Slack Technologies is “seriously” considering making its stock exchange debut through a direct listing, a source familiar with the matter told Reuters on Friday.
The Wall Street Journal reported earlier in the day that Slack, which operates a popular workplace instant-messaging and collaboration app, is likely to debut in the second quarter and currently expects to do so via a direct listing.
The plan for a direct listing will make Slack the second big technology company after Spotify Technology SA to bypass a traditional IPO process in going public.
“Slack’s direct listing is an inherently less expensive way of going public, but what it really comes down to is speed,” said Daniel Lugasi, a portfolio manager at Florida-based VL Capital Management.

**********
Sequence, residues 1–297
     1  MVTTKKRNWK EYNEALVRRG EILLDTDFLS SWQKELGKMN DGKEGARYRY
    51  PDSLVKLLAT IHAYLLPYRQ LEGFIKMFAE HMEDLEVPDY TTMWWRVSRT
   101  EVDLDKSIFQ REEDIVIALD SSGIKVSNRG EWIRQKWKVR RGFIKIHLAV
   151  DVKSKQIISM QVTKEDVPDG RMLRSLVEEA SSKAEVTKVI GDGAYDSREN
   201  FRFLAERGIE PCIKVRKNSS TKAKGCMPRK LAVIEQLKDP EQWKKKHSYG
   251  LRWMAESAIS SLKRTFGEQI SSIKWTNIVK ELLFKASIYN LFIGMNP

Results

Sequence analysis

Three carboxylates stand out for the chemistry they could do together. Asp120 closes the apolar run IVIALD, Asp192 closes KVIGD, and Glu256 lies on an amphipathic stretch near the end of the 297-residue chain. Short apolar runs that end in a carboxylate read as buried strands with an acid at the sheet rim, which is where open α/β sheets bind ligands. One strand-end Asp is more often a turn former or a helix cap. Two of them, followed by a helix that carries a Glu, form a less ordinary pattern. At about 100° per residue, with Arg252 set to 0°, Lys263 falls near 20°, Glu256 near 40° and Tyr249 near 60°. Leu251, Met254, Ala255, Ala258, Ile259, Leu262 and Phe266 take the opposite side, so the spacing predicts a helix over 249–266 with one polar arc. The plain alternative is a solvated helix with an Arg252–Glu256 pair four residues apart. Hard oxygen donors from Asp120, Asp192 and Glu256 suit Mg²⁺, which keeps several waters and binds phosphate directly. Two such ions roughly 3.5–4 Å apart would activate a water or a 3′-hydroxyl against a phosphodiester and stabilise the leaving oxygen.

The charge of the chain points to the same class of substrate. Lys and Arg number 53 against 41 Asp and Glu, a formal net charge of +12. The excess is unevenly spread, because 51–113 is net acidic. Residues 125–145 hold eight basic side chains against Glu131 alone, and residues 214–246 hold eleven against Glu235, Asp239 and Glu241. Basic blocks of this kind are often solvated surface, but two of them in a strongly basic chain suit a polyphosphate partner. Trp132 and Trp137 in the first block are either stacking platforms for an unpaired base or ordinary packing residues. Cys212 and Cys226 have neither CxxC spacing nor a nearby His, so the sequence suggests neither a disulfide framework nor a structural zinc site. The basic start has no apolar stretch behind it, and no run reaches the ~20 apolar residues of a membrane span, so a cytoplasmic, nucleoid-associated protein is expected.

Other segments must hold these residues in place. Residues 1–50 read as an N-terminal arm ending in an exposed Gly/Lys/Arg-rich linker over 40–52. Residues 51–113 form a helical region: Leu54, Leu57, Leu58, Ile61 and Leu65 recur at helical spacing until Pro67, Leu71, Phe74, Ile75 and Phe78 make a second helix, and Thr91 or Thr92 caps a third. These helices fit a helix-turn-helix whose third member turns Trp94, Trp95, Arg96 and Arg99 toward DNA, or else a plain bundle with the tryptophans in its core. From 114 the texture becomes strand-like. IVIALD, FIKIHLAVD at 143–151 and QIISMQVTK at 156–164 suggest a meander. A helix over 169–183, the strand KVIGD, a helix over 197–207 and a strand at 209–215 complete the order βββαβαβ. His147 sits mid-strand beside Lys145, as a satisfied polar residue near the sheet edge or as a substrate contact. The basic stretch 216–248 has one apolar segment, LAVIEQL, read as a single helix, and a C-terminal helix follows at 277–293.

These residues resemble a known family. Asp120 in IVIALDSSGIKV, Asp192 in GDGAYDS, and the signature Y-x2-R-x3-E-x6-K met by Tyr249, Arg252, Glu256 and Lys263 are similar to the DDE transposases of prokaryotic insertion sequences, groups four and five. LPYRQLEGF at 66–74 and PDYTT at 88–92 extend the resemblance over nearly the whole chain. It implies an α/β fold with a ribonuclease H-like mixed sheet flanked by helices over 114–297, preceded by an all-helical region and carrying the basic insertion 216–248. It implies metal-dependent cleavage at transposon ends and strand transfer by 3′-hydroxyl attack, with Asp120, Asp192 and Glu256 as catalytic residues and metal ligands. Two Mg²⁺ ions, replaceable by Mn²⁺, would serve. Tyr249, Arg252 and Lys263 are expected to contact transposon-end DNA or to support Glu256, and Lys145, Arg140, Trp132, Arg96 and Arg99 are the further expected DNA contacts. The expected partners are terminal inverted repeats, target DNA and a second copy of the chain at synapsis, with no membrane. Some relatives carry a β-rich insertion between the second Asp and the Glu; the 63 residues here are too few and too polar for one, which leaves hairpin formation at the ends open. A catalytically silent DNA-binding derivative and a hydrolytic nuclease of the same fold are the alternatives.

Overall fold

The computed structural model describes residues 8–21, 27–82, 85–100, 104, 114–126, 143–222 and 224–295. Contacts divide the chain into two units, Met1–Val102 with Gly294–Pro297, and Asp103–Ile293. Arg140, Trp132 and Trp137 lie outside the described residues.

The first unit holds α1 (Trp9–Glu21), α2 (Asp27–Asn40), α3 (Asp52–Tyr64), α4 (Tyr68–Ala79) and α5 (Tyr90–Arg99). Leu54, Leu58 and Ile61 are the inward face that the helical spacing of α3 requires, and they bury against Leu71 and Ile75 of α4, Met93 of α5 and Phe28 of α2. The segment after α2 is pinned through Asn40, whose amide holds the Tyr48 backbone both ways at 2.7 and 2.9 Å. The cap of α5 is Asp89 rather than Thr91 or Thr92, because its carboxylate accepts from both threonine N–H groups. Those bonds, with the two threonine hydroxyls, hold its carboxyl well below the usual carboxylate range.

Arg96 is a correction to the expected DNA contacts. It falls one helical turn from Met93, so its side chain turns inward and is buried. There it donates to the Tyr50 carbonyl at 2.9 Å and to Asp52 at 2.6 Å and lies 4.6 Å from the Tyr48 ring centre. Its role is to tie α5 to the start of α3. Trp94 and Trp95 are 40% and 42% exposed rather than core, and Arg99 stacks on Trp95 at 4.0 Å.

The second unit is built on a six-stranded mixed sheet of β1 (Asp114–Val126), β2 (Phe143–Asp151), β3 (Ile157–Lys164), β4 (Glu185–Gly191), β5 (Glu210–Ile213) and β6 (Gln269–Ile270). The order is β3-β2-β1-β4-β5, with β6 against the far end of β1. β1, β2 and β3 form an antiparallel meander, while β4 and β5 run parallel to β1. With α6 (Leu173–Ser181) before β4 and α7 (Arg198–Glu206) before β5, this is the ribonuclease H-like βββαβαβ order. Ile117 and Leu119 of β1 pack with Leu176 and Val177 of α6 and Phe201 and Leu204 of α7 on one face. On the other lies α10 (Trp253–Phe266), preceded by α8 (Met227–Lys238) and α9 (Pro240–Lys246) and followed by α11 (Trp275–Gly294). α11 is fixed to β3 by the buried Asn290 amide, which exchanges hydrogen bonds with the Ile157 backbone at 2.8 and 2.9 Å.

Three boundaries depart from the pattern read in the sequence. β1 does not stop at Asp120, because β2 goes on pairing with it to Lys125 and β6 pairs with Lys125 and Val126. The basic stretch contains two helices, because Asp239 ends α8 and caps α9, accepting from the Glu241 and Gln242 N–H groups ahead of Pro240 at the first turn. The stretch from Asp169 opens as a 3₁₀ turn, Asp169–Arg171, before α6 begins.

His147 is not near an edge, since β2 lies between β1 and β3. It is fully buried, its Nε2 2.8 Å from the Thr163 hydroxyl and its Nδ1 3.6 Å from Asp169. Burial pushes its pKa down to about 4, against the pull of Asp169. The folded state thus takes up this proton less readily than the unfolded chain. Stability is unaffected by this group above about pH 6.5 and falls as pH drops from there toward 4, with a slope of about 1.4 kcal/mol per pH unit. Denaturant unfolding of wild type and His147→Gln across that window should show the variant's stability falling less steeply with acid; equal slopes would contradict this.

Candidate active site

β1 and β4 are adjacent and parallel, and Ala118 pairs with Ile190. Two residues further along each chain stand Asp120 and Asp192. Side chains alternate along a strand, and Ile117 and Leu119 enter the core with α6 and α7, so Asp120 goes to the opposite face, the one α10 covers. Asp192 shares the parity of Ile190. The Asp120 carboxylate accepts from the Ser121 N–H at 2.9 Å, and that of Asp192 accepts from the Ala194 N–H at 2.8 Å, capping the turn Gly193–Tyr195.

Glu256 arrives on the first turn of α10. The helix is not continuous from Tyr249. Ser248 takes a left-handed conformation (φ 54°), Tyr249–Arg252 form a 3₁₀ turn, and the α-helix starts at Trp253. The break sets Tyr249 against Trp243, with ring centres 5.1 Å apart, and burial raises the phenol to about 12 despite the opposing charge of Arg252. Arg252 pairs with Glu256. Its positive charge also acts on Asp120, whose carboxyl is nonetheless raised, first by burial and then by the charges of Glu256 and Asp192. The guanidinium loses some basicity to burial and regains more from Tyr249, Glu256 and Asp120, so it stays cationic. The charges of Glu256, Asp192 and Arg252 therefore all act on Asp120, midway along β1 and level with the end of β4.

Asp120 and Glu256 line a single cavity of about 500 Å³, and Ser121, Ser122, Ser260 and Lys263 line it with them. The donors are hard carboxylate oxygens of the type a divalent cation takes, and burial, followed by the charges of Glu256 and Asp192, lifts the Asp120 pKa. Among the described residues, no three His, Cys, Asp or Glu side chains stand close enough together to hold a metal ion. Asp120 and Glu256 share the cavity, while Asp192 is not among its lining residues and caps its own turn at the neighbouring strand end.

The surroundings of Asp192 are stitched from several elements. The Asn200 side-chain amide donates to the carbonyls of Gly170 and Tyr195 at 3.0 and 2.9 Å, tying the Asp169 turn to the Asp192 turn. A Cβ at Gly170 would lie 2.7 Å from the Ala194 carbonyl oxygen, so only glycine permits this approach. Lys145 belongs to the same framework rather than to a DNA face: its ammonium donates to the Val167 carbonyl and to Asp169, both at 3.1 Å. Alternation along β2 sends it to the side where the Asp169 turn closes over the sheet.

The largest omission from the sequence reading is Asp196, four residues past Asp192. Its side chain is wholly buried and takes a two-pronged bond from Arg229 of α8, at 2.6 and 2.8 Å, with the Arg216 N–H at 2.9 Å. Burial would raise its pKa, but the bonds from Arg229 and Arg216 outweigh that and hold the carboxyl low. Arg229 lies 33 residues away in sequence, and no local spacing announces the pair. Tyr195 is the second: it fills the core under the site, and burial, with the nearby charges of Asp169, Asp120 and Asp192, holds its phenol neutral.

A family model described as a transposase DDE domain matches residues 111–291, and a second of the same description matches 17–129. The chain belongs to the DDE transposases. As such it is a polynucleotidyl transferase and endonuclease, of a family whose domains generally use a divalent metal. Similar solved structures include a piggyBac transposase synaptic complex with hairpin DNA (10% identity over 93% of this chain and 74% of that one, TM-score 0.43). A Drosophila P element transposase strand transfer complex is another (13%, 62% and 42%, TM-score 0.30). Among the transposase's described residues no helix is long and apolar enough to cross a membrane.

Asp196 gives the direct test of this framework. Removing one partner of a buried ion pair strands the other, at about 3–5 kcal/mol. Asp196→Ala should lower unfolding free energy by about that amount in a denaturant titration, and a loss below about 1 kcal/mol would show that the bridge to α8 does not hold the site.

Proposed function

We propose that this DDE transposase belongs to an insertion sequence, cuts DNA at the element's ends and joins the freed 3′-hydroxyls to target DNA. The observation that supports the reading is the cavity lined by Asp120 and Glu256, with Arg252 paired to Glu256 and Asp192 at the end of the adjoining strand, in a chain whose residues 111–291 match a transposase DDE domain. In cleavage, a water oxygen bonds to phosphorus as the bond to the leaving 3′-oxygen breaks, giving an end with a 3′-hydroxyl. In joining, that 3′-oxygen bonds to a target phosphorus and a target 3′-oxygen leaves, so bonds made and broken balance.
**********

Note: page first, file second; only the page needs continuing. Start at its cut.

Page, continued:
Slack declined to comment on reports of direct listing.
The company is an internet-based platform that allows teams and businesses to communicate with each other. Its closest competitor is Microsoft Teams, a free chat add-on for Microsoft’s Office365 users.
Slack has raised around $1.2 billion in 11 funding rounds, and has 36 investors, according to data provider Crunchbase. It counts SoftBank, T. Rowe Price, Sands Capital Ventures, General Atlantic as its investors.
Venture capital firms that have invested in Slack are “looking for an exit and with the rapid growth of Microsoft Teams, they want out fast. The direct listing provides the VCs with a quick exit and we believe this is the mitigating factor behind (Slack seeking a direct listing),” Lugasi said.
Reuters reported in December that Slack had hired investment bank Goldman Sachs Group to lead its initial public offering as an underwriter.
© Thomson Reuters 2019